It's a relatively recent phenomena, and becoming more prevalent.
Recently, at a gathering following Friday Prayers on June 8, prominent Dushanbe Imam Eshon Abdul-Basir Saidov warned women against entering into temporary marriages, which religious leaders say have become a trend in Dushanbe over the past two or three years.
Echoing concerns voiced by his fellow imams, Saidov says dozens of Tajik women have fallen victim to "Iranian-style temporary marriage," known as mut'a.
Fairly widespread, and legally approved in predominantly Shia Iran, mut'a is a fixed-term marriage in Shi'a Islam which automatically dissolves upon the completion of a term agreed upon by both parties prior to the marriage.
Mut'a is not recognized by Sunni Islam, which is followed by the majority of Tajik Muslims.
Nevertheless, says Zurafo Rahmoni, the head of the Culture Department of Tajikistan's Islamic Revival Party, "nowadays we increasingly hear about Tajik women entering into mut'a matrimony with Iranian citizens living here."
Tajikistan has a sizeable Iranian community, the majority of which reside in Dushanbe and other major cities.
"These women are ultimately being left with no rights or protection both during and after their so-called marriages," Rahmoni says. "In all cases, the men eventually leave the country, leaving their temporary wives behind. The most painful part is that sometimes children are born into such unions."
Rahmoni blames the trend on the "dire" economic situation that prevails in Tajikistan.
"Many Tajik men have left the country for migrant work," he says. "There are foreign men coming to work in Tajikistan, and that's why the [mut'a] practice is on the rise in Tajikistan. Social and economic hardship are contributing factor to the rise of this phenomenon in recent years."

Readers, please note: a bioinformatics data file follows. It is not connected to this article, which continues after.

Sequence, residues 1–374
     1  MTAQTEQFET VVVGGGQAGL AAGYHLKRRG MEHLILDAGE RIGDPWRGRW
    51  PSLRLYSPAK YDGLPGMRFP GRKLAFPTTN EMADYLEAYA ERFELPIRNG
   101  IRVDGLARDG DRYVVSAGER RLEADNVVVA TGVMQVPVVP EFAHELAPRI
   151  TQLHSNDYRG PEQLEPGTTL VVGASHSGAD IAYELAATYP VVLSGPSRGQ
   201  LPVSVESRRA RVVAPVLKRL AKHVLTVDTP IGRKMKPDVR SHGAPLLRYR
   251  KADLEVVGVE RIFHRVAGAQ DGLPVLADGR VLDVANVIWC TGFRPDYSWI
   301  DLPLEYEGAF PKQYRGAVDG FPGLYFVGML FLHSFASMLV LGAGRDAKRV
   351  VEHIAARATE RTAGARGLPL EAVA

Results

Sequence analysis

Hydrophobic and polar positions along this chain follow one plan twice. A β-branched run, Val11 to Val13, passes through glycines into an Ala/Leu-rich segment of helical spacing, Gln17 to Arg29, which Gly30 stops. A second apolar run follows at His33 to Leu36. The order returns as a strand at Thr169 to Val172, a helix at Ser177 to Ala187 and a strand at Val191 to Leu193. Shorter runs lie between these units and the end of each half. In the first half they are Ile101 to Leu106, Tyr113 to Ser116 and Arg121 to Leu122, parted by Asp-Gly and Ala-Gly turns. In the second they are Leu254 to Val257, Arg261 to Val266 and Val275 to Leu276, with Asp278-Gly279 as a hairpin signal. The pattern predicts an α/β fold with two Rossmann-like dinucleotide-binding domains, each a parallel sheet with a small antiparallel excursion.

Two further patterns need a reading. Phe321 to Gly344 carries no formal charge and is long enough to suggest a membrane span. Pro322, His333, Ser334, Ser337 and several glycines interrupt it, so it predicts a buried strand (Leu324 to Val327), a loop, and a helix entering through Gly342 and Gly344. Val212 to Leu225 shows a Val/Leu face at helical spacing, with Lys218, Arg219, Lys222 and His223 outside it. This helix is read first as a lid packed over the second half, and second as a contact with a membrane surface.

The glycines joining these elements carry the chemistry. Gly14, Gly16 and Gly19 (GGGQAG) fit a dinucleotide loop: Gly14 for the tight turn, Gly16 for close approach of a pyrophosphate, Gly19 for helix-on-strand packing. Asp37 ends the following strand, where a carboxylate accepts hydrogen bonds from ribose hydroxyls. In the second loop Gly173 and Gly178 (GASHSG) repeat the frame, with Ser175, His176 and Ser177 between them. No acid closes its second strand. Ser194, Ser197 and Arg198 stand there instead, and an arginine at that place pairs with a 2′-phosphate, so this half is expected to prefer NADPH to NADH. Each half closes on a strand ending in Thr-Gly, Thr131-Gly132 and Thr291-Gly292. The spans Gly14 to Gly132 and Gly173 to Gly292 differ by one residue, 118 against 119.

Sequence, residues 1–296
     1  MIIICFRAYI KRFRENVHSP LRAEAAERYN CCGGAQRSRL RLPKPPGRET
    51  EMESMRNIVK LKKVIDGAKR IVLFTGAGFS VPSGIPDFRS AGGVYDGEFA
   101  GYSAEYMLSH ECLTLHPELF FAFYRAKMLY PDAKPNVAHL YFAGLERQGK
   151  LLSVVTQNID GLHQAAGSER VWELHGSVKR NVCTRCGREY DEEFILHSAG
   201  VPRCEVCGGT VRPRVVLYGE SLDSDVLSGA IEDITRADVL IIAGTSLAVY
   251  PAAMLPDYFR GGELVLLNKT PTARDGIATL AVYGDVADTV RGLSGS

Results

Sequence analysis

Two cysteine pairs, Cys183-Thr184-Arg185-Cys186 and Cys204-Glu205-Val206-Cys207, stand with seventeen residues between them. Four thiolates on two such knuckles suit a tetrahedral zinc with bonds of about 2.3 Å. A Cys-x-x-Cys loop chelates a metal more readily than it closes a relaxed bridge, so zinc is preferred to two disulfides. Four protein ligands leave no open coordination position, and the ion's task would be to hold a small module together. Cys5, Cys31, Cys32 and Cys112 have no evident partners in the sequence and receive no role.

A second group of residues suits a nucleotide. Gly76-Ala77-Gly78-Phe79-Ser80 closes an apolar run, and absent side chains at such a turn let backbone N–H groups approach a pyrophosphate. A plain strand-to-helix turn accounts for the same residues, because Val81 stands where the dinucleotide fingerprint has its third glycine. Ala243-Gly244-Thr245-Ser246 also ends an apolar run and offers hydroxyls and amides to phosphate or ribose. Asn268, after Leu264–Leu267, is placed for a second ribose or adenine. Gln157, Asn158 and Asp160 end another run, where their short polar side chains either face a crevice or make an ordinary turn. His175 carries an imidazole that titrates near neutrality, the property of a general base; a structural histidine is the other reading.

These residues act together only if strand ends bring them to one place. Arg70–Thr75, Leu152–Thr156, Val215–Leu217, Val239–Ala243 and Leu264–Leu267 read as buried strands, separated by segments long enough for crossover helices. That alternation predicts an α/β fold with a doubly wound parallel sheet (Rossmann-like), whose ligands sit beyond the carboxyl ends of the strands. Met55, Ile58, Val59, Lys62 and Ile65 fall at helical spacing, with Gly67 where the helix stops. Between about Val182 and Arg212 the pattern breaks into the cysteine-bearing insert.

Imams have gone so far as to call it 'legalized prostitution', "un-Islamic" "contradictory to Tajik religious beliefs and traditions."
"Mut'a is an attempt to legalize prostitution," says Imam Saidov. "It shouldn't be recognized as a religious matrimony, and we consider it a sin."
In his Friday sermon, religious leader Saidov said Tajik women's "naivety and lack of awareness of their religious and civil rights" was to blame for their falling victim to temporary marriages.
Since these women are unfamiliar with temporary marriages, they are ignorant participants.
For Maya, a 25-year-old hairdresser from Dushanbe, her temporary marriage was initially "love at first sight" with a man from a foreign culture.
Maya, who declined to give her full name, said she met her former partner -- an Iranian businessman -- a year ago in a city restaurant popular with well-to-do foreigners.
A marriage proposal came "surprisingly swiftly," and Maya accepted. She says the religious marriage ceremony was conducted by a friend of the groom, with two others attending as witnesses.
"He mentioned something about short-term marriages, but I didn't quite understand it, I thought he was just being cautious," Maya admits. "But he left six months later. I live with my baby daughter. I don't get any support from him, financial or moral."
The women are being told to register those marriages with the secular authorities, and to sign a prenuptial agreement. That's pretty darn progressive or a Muslim country.
In addition to not recognizing religious marriages in any form, they also ban polygamy, SMS-text message divorces, and underage marriages. In fact, they want to raise the legal age to marry (for women) to 22. Currently, the legal age to marry is 18.